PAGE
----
Steady Date With Tommy Sands
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18 songs from the Chicago singer/Hollywood actor who was supposed to be the next Elvis. This CD includes Tommy's smash 1957 hit Teen-Age Crush plus Goin' Steady; Sing Boy Sing; Ring-A-Ding-Ding; I'll Be Seeing You; My Love Song , and more.
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"Goin' Steady" opens up the album with Tommy squarely in the spotlight--which is quite all right by me! Tommy's excellent diction enhances his performance all the more--there's a fine backup chorus but Tommy never really needed it. "I Don't Know Why (I Just Do)" is a romantic, smooth love song that's just perfect for dancing all alone late at night in your living room with your sweetheart; and listen for Tommy to outdo even himself on "Too Young" and the classic "Teach Me Tonight."
"Graduation Day" sparkles in Tommy's capable hands; and "`A' You're Adorable (The Alphabet Song)" is relentlessly upbeat with some mighty fine guitar work to make this number a standout. "Gonna Get a Girl" features Tommy again performing a very upbeat tune with lots of positive energy; and "Too Young to Go Steady" is very easy on the ear even if the lyrics are about teen angst. "Ring My Phone" has an early rock and roll flavor to it that works wonders for the tune; and I really like "I Don't Care Who Knows It" with that piano, chorus, and more accompanying Tommy Sands as he sings this to perfection--and beyond!
"Somewhere Along the Way" and "Walkin' My Baby Back Home" continue in a most romantic vein even though "Somewhere Along the Way" isn't a happy song; and "Teenage Crush" has excellent guitar work in the musical arrangement as Tommy bats this one straight out of the ballpark! "My Love Song" has an exquisite melody as Tommy speaks some of the lyrics for an emotional effect; and "Ring-A-Ding-A-Ding" is another number with an early rock and roll feel to it--and that percussion is very well done.
"Sing Boy Sing" is very well done; and "Blue Ribbon Baby" is a great number in every way. The album ends strong, too, with Tommy Sands performing the ageless "I'll Be Seeing You." What a romantic song with which to end the album! Tommy makes this shine with his very sensitive delivery and it will leave his fans wanting more.
Tommy Sands could croon alongside the best of them although he has been sadly overlooked as the years went by. Hopefully, however, that might change with continued sales of albums like this one. This is perfect for Tommy's fans and it even makes a fine starter CD for people just discovering the magical artistry of the great Tommy Sands.
Roulette grabbed Jimmie Rodgers, Ricky Nelson was the voice of choice at Imperial, MGM - which already had Connie Francis as the best of the young female vocalists - put their faith in Conway Twitty, ABC-Paramount had the multi-talented Paul Anka, Columbia - still not totally convinced - turned to movie star Sal Mineo but would release his cuts on their Epic subsidiary, while Atlantic would do the same with Bobby Darin on their Atco link, and Fabian and Frankie Avalon would be the mainstays at the new Chancellor label.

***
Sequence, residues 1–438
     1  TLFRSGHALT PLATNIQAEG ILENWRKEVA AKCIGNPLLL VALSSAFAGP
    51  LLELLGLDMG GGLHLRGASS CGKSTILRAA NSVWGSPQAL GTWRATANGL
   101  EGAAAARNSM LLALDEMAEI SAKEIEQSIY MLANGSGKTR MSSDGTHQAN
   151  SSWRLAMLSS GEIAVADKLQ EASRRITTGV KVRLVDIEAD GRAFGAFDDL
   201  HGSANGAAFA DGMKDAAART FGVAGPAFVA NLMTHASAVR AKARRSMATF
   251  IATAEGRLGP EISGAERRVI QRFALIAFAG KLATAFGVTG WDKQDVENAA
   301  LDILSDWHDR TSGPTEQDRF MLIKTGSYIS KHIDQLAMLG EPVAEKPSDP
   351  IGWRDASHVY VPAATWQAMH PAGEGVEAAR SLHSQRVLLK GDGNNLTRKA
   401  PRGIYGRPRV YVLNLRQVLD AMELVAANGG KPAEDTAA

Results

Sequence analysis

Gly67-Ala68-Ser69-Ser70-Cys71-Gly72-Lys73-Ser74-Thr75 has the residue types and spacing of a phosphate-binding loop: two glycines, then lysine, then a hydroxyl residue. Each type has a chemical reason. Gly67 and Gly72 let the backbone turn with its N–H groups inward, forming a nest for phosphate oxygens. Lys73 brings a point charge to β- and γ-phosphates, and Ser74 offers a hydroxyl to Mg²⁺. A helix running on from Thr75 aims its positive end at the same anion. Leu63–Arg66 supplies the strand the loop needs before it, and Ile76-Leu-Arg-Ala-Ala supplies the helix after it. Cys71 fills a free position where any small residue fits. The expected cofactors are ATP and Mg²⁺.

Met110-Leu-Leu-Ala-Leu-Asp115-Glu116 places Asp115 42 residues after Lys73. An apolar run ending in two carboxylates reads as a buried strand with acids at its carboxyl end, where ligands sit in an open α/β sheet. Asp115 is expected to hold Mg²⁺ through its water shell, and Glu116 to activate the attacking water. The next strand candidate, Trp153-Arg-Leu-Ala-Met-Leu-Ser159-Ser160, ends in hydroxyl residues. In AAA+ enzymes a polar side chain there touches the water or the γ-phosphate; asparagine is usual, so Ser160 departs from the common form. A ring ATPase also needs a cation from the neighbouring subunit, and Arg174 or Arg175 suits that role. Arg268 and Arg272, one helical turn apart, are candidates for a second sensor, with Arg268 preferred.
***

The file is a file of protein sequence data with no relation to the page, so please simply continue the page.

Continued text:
Capitol's choice was Tommy Sands after his successful debut singing Teen-Age Crush on the January 30, 1957 Kraft TV production "The Singing Idol." It was an auspicious beginning as the record, backed by the Bob Bain orchestra, peaked at # 2 Billboard Pop Top 100 and # 10 R&B b/w Hep Dee Hootie (Cutie Wootie).
After that, however, it would be tough sledding with only two of his remaining 10 hit singles making the Top 40. A cover of Faron Young's 1953 Country hit Goin' Steady did reach # 16 in summer 1957 b/w Ring My Phone which, from another Kraft TV show "Flesh And Blood," registered as a "follow-along" hit. Then came Sing Boy Sing, the title song from the film starring Tommy which made it to # 24 early in 1958 b/w Crazy 'Cause I Love you. All were again backed by Bain.
You might have noticed that none of the Tommy Sands CDs listed are labeled "best of" or "greatest hits of" so one cannot be critical of the fact that this one, for example, leaves off three of his eleven hit singles: Teen-Age Doll (# 81 in May 1958); The Worryin' Kind (# 69 in January 1959), and his last hit, The Old Oaken Bucket (# 73 in September 1960). Nor does Collectables include any of the B-sides except for My Love Song, which was a # 62 b/o Ring-A-Ding-Ding, and the above-mentioned Ring My Phone.
The sound quality is excellent and the liner notes informative for this talented young man whose mother had been a vocalist with the Art Kassel band, who starred in the additional films Mardi Gras, Babes In Toyland, and The Longest Day, and who was also married to Nancy Sinatra from 1960 to 1965.
One of the better Sands' compilations available and that includes the one from the normally reliable Bear Family whose offering also omits some significant cuts.